Champagne Xavier Leconte

“We farm with an aim to provide high value to the environment by using products that have a neutral effect on flora and fauna”

Champagne Xavier Leconte curated by Langrée & Stahel
We met Alexis Leconte, son of Xavier Leconte, through Aude and Boris Bression-Lourdeaux, his friends of the neighboring village, who share the same farming philosophy. Alexis generously opened the doors of his cellar to showcase his champagnes and share his ways of farming and champagne-making with us. Here is another great family story rooted in inspiring personalities.

For an incredible six generations, the Leconte Family has passed down a passion for crafting exceptional champagne from their vineyards in the heart of Troissy-Bouquigny, a small town in the Vallée de la Marne region of Champagne. Alexis, with help from his parents, Xavier and Sylvie, has led his family operation since he took the helm in 2013. His ambition is to develop strong traditions, while always innovating. They farm 10 hectares consisting of Chardonnay (15%), Meunier (70%), and Pinot Noir (15%). The soil benefits from a moderate oceanic climate and identifiable chalk, limestone and clay parcels where the different grapes are specifically planted where they are best situated to grow. Their champagne are aged on the property in vats and also in oak barrels.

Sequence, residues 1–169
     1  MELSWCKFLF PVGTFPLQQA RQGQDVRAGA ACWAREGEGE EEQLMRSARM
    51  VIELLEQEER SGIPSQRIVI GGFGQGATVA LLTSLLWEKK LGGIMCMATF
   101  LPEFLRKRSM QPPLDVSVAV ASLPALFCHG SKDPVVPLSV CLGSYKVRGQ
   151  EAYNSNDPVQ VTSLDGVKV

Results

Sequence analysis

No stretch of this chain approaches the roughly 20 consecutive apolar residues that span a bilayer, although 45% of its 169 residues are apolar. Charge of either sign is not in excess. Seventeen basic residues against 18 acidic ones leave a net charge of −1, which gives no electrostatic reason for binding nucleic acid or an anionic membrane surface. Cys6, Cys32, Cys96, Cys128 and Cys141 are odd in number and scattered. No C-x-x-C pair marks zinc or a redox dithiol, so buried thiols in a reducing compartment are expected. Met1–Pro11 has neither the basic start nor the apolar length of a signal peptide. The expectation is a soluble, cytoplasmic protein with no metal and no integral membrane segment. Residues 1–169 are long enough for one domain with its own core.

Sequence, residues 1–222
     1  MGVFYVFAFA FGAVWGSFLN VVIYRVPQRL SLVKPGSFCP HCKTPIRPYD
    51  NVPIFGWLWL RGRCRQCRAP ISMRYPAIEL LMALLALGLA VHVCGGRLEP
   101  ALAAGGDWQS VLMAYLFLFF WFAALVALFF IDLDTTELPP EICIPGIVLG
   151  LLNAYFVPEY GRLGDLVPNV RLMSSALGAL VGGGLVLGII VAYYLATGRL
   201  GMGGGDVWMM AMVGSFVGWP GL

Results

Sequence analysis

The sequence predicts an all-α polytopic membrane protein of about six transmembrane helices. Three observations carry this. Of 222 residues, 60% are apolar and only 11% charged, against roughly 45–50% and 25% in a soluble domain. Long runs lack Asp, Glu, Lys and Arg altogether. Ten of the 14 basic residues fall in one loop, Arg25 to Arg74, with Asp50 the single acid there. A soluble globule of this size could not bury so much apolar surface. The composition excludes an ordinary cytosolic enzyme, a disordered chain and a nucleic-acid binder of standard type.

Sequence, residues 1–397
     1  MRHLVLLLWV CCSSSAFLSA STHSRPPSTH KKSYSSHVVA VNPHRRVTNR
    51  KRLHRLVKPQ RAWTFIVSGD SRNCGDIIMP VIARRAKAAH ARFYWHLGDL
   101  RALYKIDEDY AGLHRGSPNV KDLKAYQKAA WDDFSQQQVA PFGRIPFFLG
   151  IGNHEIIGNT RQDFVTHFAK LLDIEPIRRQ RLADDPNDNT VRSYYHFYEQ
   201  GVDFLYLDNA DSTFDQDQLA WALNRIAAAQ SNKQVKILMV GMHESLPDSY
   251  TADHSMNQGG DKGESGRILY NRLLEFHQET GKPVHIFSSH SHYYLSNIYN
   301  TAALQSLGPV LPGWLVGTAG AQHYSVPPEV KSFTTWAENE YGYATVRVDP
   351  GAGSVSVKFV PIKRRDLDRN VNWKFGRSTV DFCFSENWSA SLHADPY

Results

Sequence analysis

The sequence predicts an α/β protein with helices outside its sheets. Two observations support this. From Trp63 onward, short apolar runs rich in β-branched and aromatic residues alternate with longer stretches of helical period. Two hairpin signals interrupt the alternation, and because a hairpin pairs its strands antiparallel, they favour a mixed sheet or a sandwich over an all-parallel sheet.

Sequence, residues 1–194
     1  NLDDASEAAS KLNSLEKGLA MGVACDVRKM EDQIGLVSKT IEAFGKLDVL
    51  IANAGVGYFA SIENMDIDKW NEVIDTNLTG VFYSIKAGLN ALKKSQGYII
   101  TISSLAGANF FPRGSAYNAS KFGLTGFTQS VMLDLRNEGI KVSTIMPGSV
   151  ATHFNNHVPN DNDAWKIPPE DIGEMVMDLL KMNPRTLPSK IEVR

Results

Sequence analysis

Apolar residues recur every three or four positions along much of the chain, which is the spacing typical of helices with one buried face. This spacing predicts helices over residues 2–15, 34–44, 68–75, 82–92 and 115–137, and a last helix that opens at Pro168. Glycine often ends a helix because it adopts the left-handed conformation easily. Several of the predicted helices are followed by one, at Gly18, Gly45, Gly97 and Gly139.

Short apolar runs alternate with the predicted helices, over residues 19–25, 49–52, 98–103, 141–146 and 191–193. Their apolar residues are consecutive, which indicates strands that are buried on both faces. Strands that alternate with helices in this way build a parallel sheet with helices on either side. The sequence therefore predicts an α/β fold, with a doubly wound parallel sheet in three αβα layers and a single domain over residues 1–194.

“Even being an oenologist, we need an outside opinion. That too is the champagne adventure. We grow together from sharing.”

Alexis studied in Champagne and then decided to work in other wine regions of France for five years. In Burgundy, Alexis’ first stop, he learned red winemaking. In Bordeaux, his second stop, he learned the cultivation of grapevines in Pomerol.  Then in Alsace, his third stop, Alexis was an oenologist advisor for four years. His customers were farming using biodynamic methods, very involved in regenerating and protecting their soils.
Today, Champagne Xavier Leconte is certified with HVE (farms of High Environmental Value). The HVE certification is a national certification overseen by the French Ministry of Agriculture which required the producer to satisfy a minimum number of criteria in four areas: biodiversity, phytosanitary strategy, fertilisation management and irrigation management. This HVE certification is a fitting reward for Champagne Xavier Leconte, which has implemented sustainable wine-growing techniques for several years now, cutting back massively on protective vine treatments, implementing biological pest control, and introducing other measures to preserve biodiversity, respecting both the vineyard and its environment.
And finally, Alexis works with his group of friends from different champagne soils and areas, many of whom he met during his studies, to taste the latest cuvée and share stories. “Even being an oenologist, we need an outside opinion. That too is the champagne adventure. We grow together from sharing.”
Harvest, Alexis Leconte watching pressed juice flow

Did you know?

The Champagne region has a unique “insurance” system. Each producer can individually block a wine reserve of 9,550 Kg per hectare. If, for a given year, the wine production was under 160 Kg for 102 litres of wine (the minimum quantity to have a “Champagne” wine), the producer can unblock part of their reserve to complement his annual production. Of course, this means that the producer needs to have the capacity to block such a quantity for “reserve” purposes, however it is a baseline investment each Champagne producer tries to make.